My Friend Sheila sent this around:

Subject: Handy Computer Help Links
Hi all, Thought you might find some of these sites interesting: for help in a wide variety of computer needs. when you just need help getting through a process. If nothing else, a great idea! Enjoy! Sheila

A reader caught wind of this and wanted to bring it to your attention...
Problem with Google Docs

I just wanted to drop you a line to let you know how much I like your website, and to let you know about an ongoing problem with Google Docs. You will notice (see URL below) that several people have been having a problem deleting documents, pdfs, and empty folders in Google Docs. The problem was reported on January 31, 2009, and remains unresolved today. Chandler is a Google employee that has occasionally shown up, but has been of little help. It is incredible to believe that Google can't make something as simple as the Trash Bin work properly. May I suggest that you warn your readers about the above problem? I would also suggest warning your readers about the lack of competent customer service that is currently provided by Google.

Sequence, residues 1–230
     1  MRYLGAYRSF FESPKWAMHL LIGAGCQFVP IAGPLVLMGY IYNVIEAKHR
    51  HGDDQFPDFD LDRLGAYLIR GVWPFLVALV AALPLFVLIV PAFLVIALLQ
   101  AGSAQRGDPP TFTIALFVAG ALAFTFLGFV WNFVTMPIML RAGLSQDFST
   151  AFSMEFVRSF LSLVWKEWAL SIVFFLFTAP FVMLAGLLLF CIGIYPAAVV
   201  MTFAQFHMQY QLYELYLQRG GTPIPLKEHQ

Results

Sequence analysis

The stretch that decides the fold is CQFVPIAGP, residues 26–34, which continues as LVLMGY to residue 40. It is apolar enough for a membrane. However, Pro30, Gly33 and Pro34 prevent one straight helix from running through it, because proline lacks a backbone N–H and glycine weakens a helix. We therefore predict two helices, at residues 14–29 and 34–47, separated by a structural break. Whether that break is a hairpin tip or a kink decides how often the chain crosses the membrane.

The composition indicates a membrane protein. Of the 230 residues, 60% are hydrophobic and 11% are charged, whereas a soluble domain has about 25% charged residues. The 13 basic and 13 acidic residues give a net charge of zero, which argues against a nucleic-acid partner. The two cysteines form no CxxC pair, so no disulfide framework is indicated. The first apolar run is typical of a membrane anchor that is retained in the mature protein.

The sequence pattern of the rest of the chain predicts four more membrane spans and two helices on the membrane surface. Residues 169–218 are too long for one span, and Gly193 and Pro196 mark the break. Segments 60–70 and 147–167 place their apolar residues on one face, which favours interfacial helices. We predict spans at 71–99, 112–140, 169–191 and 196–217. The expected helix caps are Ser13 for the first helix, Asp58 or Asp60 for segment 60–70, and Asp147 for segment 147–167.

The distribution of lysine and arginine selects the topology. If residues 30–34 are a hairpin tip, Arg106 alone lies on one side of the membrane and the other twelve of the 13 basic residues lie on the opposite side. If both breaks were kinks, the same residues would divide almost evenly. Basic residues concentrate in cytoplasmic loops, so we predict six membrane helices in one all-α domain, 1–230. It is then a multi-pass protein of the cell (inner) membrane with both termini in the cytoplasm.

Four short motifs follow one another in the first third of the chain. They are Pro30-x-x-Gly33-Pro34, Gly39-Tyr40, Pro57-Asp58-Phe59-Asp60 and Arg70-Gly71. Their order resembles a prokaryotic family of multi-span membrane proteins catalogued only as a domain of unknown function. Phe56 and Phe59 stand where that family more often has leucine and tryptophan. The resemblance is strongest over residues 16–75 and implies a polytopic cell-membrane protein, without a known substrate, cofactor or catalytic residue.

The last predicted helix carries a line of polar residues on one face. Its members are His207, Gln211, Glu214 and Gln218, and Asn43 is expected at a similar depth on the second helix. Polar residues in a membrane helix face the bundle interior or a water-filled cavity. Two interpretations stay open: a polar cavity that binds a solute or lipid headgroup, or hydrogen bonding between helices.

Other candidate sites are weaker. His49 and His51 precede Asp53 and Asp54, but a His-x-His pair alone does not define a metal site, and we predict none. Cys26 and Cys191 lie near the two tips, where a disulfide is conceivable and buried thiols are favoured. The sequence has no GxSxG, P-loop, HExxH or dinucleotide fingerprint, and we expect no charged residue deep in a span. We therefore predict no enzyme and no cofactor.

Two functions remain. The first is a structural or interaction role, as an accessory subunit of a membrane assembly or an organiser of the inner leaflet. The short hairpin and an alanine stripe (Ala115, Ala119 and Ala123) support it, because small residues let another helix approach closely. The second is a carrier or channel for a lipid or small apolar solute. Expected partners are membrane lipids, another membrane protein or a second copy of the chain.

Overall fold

Here you go, and thanks for the tip...

OK, that's enough for now. Keep the feedback and ideas coming in...

Hood's Best of Free Software

Awesome photos from Tiffany

Here’s a terrific slideshow that was sent to me in email by Tiffany. I uploaded it to so that I could share it without making you download a PPS (PowerPoint) file.

Be sure to hit the full screen icon below to get the best results.

Thanks Tiffany!